October 31, 2013
In regard to our previous post of Herod’s hippodrome, a reader writes, “Intriguing photos! In the top (“dry”) picture, is the twisted metal in the center of the photo just a modern effort to prevent people from falling into ancient holes? Do you know the function of the hole(s) (is it a Herodian well or cistern)? Thanks so much for posting these images!”
Though hard to distinguish in the photo he referenced (See that post here), the metal work is an artistic representation of the horses and chariots that would have been used here in the horse races. Caesarea, Herod’s capital, was a Roman city; the hippodrome with its horse races (and other events) was standard Roman entertainment. This view from the side perhaps helps. This photo I took in 2009.
Horses with chariot at hippodrome at Caesarea. Photo by Leon Mauldin.
The driver would have been standing up in the chariot during the race, urging the horses on in their speed. Here is a close-up:
Horses and chariot close-up. Photo by Leon Mauldin.
I think the “holes” asked about were just shadows in the photo.
We welcome reader response.
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October 29, 2013
Herod the Great (reigned 37-4 BC) built a hippodrome at his capital city of Caesarea.
Hippodrome at Caesarea. Photo by Leon Mauldin.
Herod’s hippodrome would have seated about 10,000 spectators.
The above photo was taken just two weeks ago. When I was here two years (Spring, 2011) ago this area was under water. Much damage along the coast here had been done by storms.
Hippodrome Spring 2011. Photo by Leon Mauldin.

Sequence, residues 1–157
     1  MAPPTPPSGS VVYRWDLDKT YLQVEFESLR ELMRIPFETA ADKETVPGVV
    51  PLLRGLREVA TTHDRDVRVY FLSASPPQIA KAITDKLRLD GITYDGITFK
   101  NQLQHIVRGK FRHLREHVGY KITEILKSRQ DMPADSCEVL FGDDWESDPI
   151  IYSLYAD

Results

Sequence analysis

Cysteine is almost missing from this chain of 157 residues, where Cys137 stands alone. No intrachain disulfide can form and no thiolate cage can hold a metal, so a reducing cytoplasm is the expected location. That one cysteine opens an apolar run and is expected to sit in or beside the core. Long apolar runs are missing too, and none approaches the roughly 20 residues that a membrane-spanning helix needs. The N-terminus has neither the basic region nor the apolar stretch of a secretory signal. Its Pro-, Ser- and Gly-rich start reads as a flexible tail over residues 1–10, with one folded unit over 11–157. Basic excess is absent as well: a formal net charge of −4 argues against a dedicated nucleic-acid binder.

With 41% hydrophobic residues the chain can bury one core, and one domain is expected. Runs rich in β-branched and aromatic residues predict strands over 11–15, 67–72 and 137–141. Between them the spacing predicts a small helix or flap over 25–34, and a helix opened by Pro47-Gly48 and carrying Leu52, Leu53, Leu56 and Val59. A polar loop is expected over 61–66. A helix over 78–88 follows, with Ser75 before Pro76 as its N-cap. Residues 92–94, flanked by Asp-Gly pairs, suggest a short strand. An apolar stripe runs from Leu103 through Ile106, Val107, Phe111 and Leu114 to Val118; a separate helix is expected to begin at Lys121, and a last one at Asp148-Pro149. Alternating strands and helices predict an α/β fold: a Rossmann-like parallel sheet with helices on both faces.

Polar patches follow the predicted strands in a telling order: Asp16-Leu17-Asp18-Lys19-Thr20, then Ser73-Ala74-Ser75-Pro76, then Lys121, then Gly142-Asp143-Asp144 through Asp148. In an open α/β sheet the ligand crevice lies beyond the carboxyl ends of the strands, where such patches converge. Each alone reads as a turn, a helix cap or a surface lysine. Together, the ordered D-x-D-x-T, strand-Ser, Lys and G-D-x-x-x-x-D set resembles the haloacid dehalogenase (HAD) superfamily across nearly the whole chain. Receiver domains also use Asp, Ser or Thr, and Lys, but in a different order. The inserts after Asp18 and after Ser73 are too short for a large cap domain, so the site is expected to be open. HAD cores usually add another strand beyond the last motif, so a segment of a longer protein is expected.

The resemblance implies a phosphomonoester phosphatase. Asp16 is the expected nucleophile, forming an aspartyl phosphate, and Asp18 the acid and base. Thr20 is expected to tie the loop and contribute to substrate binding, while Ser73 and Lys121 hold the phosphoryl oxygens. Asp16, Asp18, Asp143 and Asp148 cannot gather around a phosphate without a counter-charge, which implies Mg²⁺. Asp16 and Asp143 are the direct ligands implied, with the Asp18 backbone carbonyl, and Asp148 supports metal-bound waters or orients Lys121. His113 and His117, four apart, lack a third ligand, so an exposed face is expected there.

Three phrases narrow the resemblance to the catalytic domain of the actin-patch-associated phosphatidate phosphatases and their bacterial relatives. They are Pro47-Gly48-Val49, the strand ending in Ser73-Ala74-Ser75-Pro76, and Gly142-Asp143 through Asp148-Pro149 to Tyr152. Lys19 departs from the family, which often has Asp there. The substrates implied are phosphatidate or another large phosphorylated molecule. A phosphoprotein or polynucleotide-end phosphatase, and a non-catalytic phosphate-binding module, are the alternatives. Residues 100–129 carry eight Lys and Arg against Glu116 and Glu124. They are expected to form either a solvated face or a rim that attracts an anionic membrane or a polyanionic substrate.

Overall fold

This photo was taken at the opposite end of the hippodrome.
The Archaeological Encyclopedia of the Bible has this info:
Hippodrome. A course for chariot-racing, the prototype of the Roman circus. Like the stadium, it was long, narrow and elliptical, but straight at the end from which the racing started.
The hippodrome of Gerasa was excavated in 1931–3. Situated outside the city at some distance to the south, its inside length is 266yd, with an inside width of 56yd at the north end and just under 55yd at the south end. The date of construction is not clear. Some scholars believe that it was built at the end of the second or beginning of the 3rd century ad and never completely finished, while others prefer a date of about ad 70. The hippodrome of Gerasa is the only one that has been excavated in Palestine and Transjordan. Remains of others were found at Caesarea Kanath, Bostra (Bozrah), Beth-Shean and Gadara. Josephus, (Life, 132, 138) mentions the hippodrome of Taricheae. (See also Magdala.)
Like all other similar public buildings the hippodrome was an offence to pious Jews and most of the cities referred to above had a primarily Hellenistic population. Only Taricheae had a Jewish population, though the upper class was Hellenized. In similar conditions, Herod had a hippodrome constructed in Jerusalem (Josephus, Antiq. xvii, 193), probably in the Tyropoeon valley.
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